Aside from being a remarkable teenager hiding in an Amsterdam building for two years during Nazi occupation, Anne Frank is, of course, famous for her diary and as someone who put a human face to the horrors and unfathomable extent of the Holocaust. That house (annefrank.org) is possibly the defining tourist attraction of the city and makes for a poignant experience. The queues can be horrendous so book in advance or go late in the day.



The Dutch have certainly made their mark on the art world over the centuries – take Vermeer, Van Gogh and Rembrandt for starters. The Rijksmuseum (rijksmuseum.nl) is the national museum dedicated to art and history and it’s also one of the most important in the world. In April 2013, the main building was reopened after a ten-year renovation costing a reported €375 million. The Van Gogh Museum (vangoghmuseum.nl) houses the largest collection of works by the celebrated artist (and some of his contemporaries) who, remarkably, sold just one painting during his lifetime.


Yes, there is a difference. It’s the latter if you’re after a tall skinny latte and blueberry muffin, while if you opt for the former you’ll no doubt be enticed by the prospect of a little “smoke” or a slice of cake you’re not going to find in Starbucks! Contrary to popular belief, cannabis isn’t legal in the Netherlands but the Dutch middle name is “tolerance” and, hey, it brings in the business.



Trying to squeeze it all in and pushed for time? Then make for Vleminckx (off Het Spui on Kalverstraat), a little kiosk serving some of the best French fries you’re likely to taste complete with an assortment of sauces. Go for one of the mayonnaise type for authenticity, or ketchup if you want to give yourself away as a tourist!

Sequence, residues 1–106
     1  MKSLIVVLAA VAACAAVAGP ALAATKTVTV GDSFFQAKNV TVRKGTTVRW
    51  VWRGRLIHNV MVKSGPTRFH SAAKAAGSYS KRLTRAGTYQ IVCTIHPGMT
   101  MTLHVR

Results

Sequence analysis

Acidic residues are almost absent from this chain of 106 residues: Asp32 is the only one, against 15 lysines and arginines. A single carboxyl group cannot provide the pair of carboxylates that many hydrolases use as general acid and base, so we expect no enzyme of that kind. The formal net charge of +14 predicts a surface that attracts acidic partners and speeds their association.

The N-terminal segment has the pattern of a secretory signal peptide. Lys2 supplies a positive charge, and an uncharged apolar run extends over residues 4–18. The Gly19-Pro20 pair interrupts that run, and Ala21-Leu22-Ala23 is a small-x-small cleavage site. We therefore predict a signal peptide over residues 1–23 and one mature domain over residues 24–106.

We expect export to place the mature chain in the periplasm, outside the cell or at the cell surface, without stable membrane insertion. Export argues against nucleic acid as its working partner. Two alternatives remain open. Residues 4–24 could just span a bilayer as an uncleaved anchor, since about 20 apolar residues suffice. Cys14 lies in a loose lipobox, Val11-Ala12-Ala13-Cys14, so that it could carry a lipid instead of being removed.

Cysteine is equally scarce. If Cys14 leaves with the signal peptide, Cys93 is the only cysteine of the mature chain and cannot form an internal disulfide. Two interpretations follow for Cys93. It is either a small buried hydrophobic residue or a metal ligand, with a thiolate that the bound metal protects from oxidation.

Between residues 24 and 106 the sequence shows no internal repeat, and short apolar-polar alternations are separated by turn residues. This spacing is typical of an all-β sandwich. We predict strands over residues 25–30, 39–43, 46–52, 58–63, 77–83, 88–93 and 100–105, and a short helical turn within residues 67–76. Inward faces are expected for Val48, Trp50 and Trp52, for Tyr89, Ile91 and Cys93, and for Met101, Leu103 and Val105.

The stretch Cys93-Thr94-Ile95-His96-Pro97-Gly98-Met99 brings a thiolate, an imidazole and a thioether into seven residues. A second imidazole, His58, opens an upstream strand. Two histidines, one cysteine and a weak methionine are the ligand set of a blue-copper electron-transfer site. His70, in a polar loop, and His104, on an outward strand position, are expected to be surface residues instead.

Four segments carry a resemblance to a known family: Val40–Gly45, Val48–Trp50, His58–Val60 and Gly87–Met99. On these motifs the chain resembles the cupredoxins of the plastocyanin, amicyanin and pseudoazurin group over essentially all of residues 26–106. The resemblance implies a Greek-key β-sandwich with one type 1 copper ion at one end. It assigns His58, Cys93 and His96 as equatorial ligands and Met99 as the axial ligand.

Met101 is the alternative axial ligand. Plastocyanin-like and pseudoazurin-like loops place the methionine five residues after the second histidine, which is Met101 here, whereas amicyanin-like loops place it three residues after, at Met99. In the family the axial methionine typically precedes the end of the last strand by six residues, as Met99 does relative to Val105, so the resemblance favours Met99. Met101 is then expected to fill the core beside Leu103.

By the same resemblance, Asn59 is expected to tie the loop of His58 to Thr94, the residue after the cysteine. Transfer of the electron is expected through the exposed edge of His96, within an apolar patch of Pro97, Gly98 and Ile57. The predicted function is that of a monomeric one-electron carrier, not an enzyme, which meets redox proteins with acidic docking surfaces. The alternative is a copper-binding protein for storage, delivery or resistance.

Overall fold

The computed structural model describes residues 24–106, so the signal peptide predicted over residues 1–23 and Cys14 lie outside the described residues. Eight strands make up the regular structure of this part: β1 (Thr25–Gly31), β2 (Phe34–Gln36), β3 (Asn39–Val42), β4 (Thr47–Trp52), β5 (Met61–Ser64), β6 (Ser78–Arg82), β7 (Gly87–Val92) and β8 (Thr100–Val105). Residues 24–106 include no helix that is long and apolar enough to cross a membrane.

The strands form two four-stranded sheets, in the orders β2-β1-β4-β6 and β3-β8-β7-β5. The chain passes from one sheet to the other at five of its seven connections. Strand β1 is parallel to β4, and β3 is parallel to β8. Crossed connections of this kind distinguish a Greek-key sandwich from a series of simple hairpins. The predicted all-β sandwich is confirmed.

Cafés and bars in Amsterdam are wonderfully engaging and relaxing places. There are hundreds lining canals, back streets and quirky neighbourhoods and are great for grabbing a drink, watching local life glide by or striking up a conversation with an Amsterdammer who, of course, mostly speak impeccable English.



The area known as “The Nine Streets” (theninestreets.com) centred around the canals of Singel, Herengracht, Keizersgracht and Prinsengracht is utterly delightful. Hardly a multinational chain to be found, it’s full of designer boutiques, quirky retailers, cheese shops and inviting bars and cafes.



Finding good food is no chore in Amsterdam. In fact the choice is so great it’s hard to narrow down the recommendations but try de Struisvogel (Keizersgracht 312; restaurantdestruisvogel.nl) which occupies a charming basement and offers a simple but seriously good three-course set menu (€26).  And it’s worth the taxi journey out of the city for De Kas (restaurantdekas.nl) with its stunning setting in an old greenhouse and menus created using only the best seasonal produce.



Skip the Heineken tour which is very much a “corporate” experience and go in search of something more authentic, such as  Brouwerij ‘t IJ (brouwerijhetij.nl)  – a brewery located next to a windmill on the east side of the city. It can be toured Friday through Sunday (check website for times).


Despite its huge and diverse treasures, most people’s default thought setting when it comes to this city is sex and drugs. The Red Light District has a fascinating past linked to the mistresses of Catholic churchmen and, later, sailors on shore leave who were greeted by working ladies bearing red lanterns. In 1988 the Netherlands declared prostitution a legal profession, thus dispensing with pimps and making the working girls officially self-employed and, therefore, taxable! It’s perfectly safe to wander the area although maybe not with a minor or maiden aunt.


For further information visit: holland.com and iamsterdam.com